WORKPLACE LIGHTING RESULTS MEDELLÍN

Even though environmental conditions in the Andean Tropics are constant and favorable throughout the year, workplaces don’t take full advantage of natural lighting and struggle with the sudden transition from day to night. When the shift takes place at 6pm, employees are busy at work and cannot easily adjust. Workplace lighting proposals from Medellín carefully examine lighting levels and temperatures to design complementary lighting systems that holistically integrate natural and artificial sources. Adding to the empirical research, the proposals pay close attention to materiality and architectural finishes, as well as control and user experience.


Under Control




Challenge: The lighting of this office environment does not guarantee a harmony between natural and artificial source lighting, as an overabundance of lamps are necessary to facilitate the workers’ needs. The excessive amount of papers and computers requires a dependence on artificial spotlighting, resulting in increased fatigue and stress for the workers.



Thesis: A wall finish will enhance the reflection of light inside workplace and help regulate natural and artificial lightening. This will reduce the need for personalized spotlight and desktop lamps located at each cubicle.  Separating circuits will allow ancillary systems during low levels such as evenings, while an additional system shall be implemented throughout the entire day to ensure uniformity of light within the space. The aim is to increase individual comfort by reducing stress that results from unnecessary artificial lightening.



Proposal: The proposal modifies the worktables distribution, increases the visibility by eliminating dividing walls, adds circuit and artificial light, modifies the cubicles by replacing their walls with translucent, polycarbonate boards. Uniform personalized lamps are assigned to each individual workspace, to create consistency of light and design. Each of these changes optimizes the individual management of the interior lighting throughout various periods of the day and cater to differing uses by allowing control. The intention is ensure that artificial lighting will be used only when they are really necessary.

Working Underground

Challenge: This university space is entirely located in a basement, which ideally facilitates its function as an archive and storage facility that ensures stable temperature, lighting and humidity. Nevertheless, these benefits come at the expense of relying solely on artificial lighting.  Small, shuttered portals provide little light, resulting in excess lighting, which is both inefficient and disturbing for work. The result is high-energy consumption and increased heat from the lamps, and a subsequent negative effect of visual comfort, adaptation and acuity.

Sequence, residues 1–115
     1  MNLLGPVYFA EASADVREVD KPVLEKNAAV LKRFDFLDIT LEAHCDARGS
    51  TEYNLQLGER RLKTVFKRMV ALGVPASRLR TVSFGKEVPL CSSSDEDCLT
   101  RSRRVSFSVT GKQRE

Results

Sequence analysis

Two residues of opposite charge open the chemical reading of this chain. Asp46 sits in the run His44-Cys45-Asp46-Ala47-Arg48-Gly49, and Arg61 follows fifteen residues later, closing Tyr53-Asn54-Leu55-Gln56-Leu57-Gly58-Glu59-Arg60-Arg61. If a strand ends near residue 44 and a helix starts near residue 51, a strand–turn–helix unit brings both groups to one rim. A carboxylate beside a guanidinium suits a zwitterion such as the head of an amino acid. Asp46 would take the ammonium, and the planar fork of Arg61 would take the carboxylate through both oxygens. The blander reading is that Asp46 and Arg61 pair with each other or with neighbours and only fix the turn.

Thesis: By shifting the lighting equilibrium to accommodate more day- lighting and allocating artificial lighting around individual function and activity, worker comfort and performance can be improved.



Proposal: The proposal attempts to provide stable, natural light that compliments the visual tasks and requirements for documentation, research and storage.  By increasing the size of the portals and replacing the shutters with glass windows, an increased broad expanse of daylight can shine throughout the space. Discrete, individual lamps, located only where they are needed can provide support, ensuring comfort and customization. A correction in the circuiting systematizes the distribution of lighting based on the time of the day. Lamps aggregate around areas of intense worker activity.


Unifying Light

Challenge: Contrasts in materiality and exposure to natural light can be challenging when designing uniform solutions for this workspace. Two glass facades fill the space with daylight and provide access to ventilation; the third façade blocks workspaces from outside elements so they rely solely on artificial lighting.  The colors and textures vary across multiple workspaces, resulting in the necessity for individualized, often redundant and inefficient lighting solutions.